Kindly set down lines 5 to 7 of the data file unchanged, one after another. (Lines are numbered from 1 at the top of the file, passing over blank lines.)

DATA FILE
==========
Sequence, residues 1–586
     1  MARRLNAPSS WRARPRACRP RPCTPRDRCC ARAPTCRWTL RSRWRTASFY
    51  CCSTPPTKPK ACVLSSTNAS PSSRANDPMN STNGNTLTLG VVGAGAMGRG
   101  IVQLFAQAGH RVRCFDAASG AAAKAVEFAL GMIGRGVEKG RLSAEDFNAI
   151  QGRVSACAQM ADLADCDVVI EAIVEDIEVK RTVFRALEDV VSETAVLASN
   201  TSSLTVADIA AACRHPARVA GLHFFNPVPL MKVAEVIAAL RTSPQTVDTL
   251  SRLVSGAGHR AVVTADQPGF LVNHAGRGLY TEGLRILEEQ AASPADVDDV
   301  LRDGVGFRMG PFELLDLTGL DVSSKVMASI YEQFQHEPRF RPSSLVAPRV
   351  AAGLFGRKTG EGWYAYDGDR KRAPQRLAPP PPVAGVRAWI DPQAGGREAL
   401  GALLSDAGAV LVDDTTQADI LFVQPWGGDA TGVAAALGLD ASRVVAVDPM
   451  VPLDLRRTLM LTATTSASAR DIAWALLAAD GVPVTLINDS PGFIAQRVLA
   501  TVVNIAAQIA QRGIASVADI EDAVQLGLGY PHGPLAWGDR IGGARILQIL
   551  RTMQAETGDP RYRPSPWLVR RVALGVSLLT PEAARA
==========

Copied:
   151  QGRVSACAQM ADLADCDVVI EAIVEDIEVK RTVFRALEDV VSETAVLASN
   201  TSSLTVADIA AACRHPARVA GLHFFNPVPL MKVAEVIAAL RTSPQTVDTL
   251  SRLVSGAGHR AVVTADQPGF LVNHAGRGLY TEGLRILEEQ AASPADVDDV